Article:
In the past few years, there have been few Afghan deportations owing to the civil war there.

The “Neue Osnabrücker Zeitung” reported in its article that just 27 rejected Afghan asylum-seekers had been deported so far this year, and only nine in 2015.

However, the rate of acceptance of Afghan asylum applications fell in 2016 to 52.4 percent as compared with 77.6 percent the year before.

Deutsche Welle. 2016-12-15. De Maiziere defends deporting planeload of rejected Afghan asylum-seekers

The German interior minister has said the decision to deport a group of rejected Afghan asylum-seekers was “necessary.” But not everyone agrees with that assessment.


German Interior Minister Thomas de Maiziere on Thursday stood by the decision to carry out the deportation of rejected Afghan asylum-seekers. 

“Such repatriation measures are correct and necessary in order to keep our asylum system functioning,” de Maiziere said at a press conference. No voluntary returnees were on board the flight that left Germany on Wednesday evening.

He confirmed that 34 men were on board the plane, a third of whom had criminal records in Germany. Convictions against some of the men included theft, robbery, drug violations, manslaughter and rape.

Some deportees expressed their disappointment with being sent to Afghanistan.

“I am not happy, everything is different for me here,” Sidiq Kuchai, a 23-year-old from northern Baghlan province who was in Germany for seven years, told the AP news agency. “I had a good job and was working in a restaurant in Cologne. But in Afghanistan, I have no job and no security.”

Ali Madad Nasiri, who had lived in Germany for three years, told Reuters news agency of his rude awakening. “It was early morning and I was sleeping when four policemen came to my home and arrested me. I didn’t have a chance to take my clothes, cellphone and laptop – all left behind,” said Masiri.

De Maiziere said 50 people were supposed to be on board, but some disappeared before departure. The deportation of a 29-year-old Afghan man was stopped by Germany’s Constitutional Court until his follow-up asylum application could be processed.

In its ruling, the court left open the question of whether deportations to Afghanistan are constitutionally justifiable and instead addressed only the one applicant’s case.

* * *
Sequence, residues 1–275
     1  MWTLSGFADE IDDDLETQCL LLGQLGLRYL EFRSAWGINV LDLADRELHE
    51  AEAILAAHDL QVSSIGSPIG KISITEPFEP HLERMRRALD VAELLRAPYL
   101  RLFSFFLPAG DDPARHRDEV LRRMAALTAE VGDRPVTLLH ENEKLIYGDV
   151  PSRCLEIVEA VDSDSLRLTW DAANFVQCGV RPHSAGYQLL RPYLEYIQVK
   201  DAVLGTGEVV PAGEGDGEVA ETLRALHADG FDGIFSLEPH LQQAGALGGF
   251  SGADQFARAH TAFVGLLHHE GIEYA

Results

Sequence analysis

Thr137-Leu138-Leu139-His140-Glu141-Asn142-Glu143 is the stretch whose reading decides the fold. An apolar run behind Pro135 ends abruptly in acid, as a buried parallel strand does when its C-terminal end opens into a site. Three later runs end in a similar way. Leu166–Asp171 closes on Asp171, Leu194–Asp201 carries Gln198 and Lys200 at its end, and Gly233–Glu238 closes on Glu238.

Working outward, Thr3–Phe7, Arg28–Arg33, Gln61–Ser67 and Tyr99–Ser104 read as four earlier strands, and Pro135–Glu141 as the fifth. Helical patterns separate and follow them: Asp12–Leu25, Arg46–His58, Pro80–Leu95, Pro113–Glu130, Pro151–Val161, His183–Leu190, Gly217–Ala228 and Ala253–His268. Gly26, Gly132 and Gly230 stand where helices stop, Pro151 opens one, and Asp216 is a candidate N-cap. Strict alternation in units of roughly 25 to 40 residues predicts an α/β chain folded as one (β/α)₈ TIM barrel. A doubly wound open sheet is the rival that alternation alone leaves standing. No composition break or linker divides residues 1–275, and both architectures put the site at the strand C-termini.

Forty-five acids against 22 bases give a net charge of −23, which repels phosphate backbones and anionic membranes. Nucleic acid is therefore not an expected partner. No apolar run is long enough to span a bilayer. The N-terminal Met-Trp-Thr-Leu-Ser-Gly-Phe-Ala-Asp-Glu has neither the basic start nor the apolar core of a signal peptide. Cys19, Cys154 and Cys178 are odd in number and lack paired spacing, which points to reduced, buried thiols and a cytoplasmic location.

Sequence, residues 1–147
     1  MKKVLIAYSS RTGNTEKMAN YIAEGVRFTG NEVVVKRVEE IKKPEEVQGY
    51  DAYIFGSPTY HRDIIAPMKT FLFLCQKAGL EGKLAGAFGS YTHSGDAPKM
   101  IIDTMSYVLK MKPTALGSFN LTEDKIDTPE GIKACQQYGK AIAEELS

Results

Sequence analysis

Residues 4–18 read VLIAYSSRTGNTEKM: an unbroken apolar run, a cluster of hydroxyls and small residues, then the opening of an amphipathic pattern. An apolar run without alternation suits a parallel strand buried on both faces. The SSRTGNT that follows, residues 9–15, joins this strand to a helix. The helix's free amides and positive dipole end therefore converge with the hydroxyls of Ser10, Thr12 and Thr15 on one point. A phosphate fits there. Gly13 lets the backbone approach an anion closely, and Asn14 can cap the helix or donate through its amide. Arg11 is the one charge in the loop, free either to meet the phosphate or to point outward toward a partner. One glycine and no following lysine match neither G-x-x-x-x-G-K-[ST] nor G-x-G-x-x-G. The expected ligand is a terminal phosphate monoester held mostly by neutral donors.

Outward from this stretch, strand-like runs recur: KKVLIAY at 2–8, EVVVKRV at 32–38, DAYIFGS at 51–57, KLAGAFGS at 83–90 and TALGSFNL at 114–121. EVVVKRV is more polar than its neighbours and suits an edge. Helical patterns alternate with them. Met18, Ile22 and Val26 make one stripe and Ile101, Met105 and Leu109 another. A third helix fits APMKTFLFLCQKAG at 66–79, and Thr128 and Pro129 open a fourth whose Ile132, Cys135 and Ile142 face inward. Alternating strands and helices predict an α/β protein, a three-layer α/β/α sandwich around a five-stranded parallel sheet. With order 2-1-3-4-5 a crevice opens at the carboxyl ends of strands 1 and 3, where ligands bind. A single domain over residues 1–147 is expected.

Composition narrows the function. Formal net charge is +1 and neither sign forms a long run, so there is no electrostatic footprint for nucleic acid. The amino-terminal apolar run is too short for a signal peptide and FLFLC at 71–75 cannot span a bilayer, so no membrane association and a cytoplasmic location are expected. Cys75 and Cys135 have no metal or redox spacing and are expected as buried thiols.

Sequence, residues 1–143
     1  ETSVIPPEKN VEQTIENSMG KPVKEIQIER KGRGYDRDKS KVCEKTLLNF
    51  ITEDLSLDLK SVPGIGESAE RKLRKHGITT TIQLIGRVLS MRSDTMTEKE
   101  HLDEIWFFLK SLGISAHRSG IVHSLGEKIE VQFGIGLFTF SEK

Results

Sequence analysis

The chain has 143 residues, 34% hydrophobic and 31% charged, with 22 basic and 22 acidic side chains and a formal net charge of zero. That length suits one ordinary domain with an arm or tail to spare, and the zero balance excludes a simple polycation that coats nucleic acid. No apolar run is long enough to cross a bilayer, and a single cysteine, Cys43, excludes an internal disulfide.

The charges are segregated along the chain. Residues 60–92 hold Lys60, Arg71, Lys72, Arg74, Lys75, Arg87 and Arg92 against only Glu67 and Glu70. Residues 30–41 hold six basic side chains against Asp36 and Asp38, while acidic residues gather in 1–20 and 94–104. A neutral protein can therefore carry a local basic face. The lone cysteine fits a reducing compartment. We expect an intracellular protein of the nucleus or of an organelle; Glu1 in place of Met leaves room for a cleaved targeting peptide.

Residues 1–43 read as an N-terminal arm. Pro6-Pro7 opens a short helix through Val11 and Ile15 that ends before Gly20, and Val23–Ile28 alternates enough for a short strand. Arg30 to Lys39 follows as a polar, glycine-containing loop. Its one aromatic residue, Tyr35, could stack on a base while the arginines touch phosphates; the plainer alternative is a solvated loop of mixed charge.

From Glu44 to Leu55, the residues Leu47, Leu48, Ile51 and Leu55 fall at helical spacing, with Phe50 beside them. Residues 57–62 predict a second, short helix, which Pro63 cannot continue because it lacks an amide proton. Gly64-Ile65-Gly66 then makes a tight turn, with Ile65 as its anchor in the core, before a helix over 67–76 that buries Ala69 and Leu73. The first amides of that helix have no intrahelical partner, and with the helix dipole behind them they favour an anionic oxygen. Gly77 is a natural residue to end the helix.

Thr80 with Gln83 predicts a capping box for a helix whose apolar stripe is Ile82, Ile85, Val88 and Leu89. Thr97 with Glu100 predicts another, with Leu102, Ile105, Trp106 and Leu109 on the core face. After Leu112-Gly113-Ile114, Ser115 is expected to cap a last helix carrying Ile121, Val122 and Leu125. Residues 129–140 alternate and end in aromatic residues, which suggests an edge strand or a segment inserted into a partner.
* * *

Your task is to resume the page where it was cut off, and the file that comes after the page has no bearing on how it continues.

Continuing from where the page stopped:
Not safe in Afghanistan

Not all in Germany are happy with the deportations. Bärbel Kofler, the human rights commissioner for the German government, warned those being deported were not safe in Afghanistan.

“I have yet to see a report that indicated to me there were safe regions in Afghanistan,” Kofler told the “Augsburger Allgemeine” newspaper.

Prelate Martin Dutzmann, a representative for the Protestant Church in Germany and the European Union, also disagreed with the decision. “We all know the human rights and security situation in Afghanistan is highly questionable,” said Dutzmann. 

Afghan security situation ‘not easy’

The plane took off from Frankfurt on Wednesday and arrived “safely and as planned in Kabul,” de Maiziere said. The returnees were met by Refugee Ministry officials, representatives of the International Organization for Migration (IOM) and a non-governmental organization for psychological aid.

The German interior minister added that that the security situation in Afghanistan is “generally not easy.” He added that in many areas in Afghanistan it is “sufficiently safe,” which made Wednesday’s group deportation a “reasonable” action. De Maiziere also pointed out that Sweden, another major refugee host, also organized a similar flight for Afghans on Tuesday.

Some 500 people gathered at Frankfurt Airport on Wednesday to protest the planned deportations.

Those deported were living in the German states of Baden-Württemberg, Bavaria, Hamburg, Hesse, North Rhine-Westphalia and Saarland.

Some 890,000 people, mostly fleeing conflict and poverty in the Middle East and Africa, entered Germany in 2015. In 2016, Afghans were the second biggest group of asylum-seekers in Germany after Syrians.

Germany and Afghanistan signed a repatriation deal in October to speed up the deportation of Afghan citizens who do not qualify for asylum. The German government has set aside some 40 million euro ($41.7 million) for Afghan migrants who voluntarily opt to return.

Some 2,300 Afghans returned to their home country this year, de Maiziere said. The Interior Ministry previously estimated around 12,500 Afghans in Germany have had their asylum applications rejected and will be repatriated.